English Heritage has conceded that there are not enough commemorative blue plaques for women and is calling on the public to nominate celebrated women from history to be included in the scheme.
Founded in 1866, the initiative commemorates significant figures from the past who have made a lasting impact on society, by installing an iconic blue roundel on the London building in which they lived or worked.
However, only 14% of the 900 London blue plaques celebrate the achievements of women. The charity launched a ‘plaques for women’ campaign in 2016, in an attempt to redress the gender disparity. Since then, only one third of the nominations received since 2016 have been for women.
The charity is soliciting the help of the general public, asking them to nominate women from history, particularly in the areas of science, sport and the fine arts. You can use English Heritage’s ‘Find a Plaque’ tool to check who has a plaque already, and then you can send your nominations to firstname.lastname@example.org.
Anna Eavis, Curatorial Director and Secretary of the English Heritage Blue Plaques Panel, said: ‘The London blue plaques scheme is over 150 years old and the dominance of plaques to men reflects a historic blindness to both the role women have played in our society and the type of roles deemed worthy of celebration.’
‘This year’s centenary of the first votes for women has brought about an increased urgency to rebalance the record of women’s contribution to history. We really hope this enthusiasm will be translated into lots more nominations and ultimately more blue plaques for women.’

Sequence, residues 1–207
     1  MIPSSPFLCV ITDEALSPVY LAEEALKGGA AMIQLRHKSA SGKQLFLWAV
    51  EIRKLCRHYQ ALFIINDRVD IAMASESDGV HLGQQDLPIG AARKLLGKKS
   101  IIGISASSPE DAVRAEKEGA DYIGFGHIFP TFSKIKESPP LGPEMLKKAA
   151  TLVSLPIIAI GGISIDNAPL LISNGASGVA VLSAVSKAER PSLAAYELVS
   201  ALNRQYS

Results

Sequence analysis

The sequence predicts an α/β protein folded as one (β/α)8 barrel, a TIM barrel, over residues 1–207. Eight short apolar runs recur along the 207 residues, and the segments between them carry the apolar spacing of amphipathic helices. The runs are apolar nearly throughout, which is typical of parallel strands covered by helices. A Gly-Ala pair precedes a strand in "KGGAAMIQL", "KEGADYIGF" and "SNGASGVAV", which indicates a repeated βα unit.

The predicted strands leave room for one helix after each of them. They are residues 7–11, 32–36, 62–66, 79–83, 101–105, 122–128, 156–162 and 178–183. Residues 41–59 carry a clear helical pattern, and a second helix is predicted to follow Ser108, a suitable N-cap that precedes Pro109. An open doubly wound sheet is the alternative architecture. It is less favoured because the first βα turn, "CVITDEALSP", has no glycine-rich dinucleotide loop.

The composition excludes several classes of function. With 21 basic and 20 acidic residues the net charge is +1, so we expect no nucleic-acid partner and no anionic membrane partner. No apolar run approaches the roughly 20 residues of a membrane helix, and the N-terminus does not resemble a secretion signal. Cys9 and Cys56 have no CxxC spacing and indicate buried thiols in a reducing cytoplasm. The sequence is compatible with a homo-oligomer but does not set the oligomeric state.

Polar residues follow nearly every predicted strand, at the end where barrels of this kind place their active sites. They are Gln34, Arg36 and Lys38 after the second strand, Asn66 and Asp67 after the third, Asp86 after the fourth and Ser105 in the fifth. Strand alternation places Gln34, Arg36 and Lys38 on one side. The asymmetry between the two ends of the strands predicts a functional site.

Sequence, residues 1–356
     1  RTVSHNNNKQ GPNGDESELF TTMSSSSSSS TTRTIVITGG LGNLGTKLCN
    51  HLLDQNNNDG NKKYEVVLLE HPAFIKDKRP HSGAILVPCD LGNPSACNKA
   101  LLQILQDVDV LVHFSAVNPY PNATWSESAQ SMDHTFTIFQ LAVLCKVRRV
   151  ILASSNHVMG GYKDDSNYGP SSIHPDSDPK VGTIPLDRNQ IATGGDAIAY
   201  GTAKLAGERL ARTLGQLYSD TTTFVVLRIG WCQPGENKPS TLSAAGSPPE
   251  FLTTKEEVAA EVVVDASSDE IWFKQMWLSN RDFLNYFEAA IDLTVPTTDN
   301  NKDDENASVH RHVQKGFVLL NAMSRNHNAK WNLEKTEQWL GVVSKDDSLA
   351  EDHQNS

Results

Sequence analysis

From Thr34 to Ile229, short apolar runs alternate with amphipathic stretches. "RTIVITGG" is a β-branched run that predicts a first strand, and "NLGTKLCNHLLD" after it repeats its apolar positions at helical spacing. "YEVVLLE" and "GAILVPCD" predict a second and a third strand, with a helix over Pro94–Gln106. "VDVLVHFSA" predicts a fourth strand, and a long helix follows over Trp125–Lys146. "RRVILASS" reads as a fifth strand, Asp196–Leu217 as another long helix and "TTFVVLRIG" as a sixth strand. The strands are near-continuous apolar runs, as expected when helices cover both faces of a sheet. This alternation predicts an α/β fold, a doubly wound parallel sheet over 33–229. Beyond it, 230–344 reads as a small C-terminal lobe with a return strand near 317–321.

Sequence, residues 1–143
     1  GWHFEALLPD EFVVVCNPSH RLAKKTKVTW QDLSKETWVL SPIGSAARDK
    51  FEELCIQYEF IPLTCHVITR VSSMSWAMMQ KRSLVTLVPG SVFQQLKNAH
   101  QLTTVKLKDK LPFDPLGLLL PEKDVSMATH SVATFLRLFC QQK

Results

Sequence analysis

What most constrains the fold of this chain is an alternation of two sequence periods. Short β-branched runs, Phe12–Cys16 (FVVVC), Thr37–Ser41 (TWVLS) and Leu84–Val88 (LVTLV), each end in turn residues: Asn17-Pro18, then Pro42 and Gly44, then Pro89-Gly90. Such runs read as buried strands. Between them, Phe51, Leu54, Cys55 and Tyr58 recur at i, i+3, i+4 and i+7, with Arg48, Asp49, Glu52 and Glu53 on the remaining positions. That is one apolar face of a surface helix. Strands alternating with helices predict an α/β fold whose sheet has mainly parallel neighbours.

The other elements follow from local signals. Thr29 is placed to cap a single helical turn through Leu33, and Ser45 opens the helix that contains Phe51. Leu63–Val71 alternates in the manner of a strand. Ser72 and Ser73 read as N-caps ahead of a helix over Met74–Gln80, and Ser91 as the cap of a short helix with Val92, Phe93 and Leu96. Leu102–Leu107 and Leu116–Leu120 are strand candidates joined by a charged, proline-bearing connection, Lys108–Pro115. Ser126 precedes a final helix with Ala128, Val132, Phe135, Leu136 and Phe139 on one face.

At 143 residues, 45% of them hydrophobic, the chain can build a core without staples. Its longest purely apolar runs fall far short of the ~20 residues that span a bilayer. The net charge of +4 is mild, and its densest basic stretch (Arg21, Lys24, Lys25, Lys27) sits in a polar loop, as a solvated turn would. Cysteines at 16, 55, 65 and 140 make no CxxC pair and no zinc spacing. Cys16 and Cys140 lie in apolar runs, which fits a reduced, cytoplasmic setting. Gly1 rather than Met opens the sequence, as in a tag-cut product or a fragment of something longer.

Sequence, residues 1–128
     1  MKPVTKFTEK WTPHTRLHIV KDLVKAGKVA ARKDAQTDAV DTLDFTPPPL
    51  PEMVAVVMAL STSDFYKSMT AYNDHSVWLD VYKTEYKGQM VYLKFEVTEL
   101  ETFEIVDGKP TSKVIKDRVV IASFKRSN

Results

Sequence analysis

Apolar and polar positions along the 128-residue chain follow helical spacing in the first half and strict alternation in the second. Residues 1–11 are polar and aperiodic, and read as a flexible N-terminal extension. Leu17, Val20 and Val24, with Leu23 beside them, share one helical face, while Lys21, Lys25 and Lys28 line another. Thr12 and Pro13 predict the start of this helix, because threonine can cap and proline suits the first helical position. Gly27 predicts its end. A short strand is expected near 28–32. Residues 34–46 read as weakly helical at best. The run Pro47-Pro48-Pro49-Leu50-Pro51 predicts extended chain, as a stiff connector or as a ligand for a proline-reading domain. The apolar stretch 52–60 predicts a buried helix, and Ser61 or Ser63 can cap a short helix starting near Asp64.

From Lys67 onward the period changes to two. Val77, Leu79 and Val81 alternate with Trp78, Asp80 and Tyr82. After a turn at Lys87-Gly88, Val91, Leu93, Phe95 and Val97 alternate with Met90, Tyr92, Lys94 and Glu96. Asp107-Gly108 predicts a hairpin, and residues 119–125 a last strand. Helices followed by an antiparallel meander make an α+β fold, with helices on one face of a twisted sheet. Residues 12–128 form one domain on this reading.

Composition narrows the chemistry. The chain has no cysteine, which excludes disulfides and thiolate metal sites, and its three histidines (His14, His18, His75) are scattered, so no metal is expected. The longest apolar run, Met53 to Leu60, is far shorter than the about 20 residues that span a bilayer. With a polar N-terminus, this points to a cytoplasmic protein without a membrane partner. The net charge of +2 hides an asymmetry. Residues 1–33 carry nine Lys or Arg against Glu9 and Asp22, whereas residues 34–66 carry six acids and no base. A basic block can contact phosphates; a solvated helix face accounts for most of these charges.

In order to be included in the scheme, figures must meet criteria including the following: ‘they should have made a great and lasting impact on society’, ‘they should have been dead for more than 20 years’ and ‘the London building in which they lived or worked should still survive’.
English Heritage has already announced three women due to receive plaques including Margaret Lockwood, star of Alfred Hitchcock’s The Lady Vanishes (1938), the Second World War heroine Noor Inayat Kahn, and archaeologist and diplomat Gertrude Bell.
Dipping into this year’s Frieze Masters magazine, which celebrates the achievements of women in art history, we’ve pulled out a few suggestions for women artists worthy of a blue plaque commendation.
Angelica Kaufmann (1741–1807) and Mary Moser (1744–1819) were the only two female founding members of the Royal Academy of the Arts, London.
Artemisia Gentileschi (1593–c.1656) was an Italian baroque painter, who specialized in painting strong mythic or biblical women. She spent a short time at the court of Charles I in London, before leaving the country around the time of the Civil War.
Dame Laura Knight (1877–1970) was an English painter, primarily in the Impressionist style. She lived in London for much of her life and was the first woman accepted as a full member of the Royal Academy.
Mary Edmonia Lewis (1844–1907) was a sculptor who achieved international acclaim for incorporating figures of African American and indigenous heritage into Neoclassical-style sculpture. The artist spent her final years in London.
Main image: Agatha Christie’s Blue Plaque, 2018, photograph. Courtesy: © English Heritage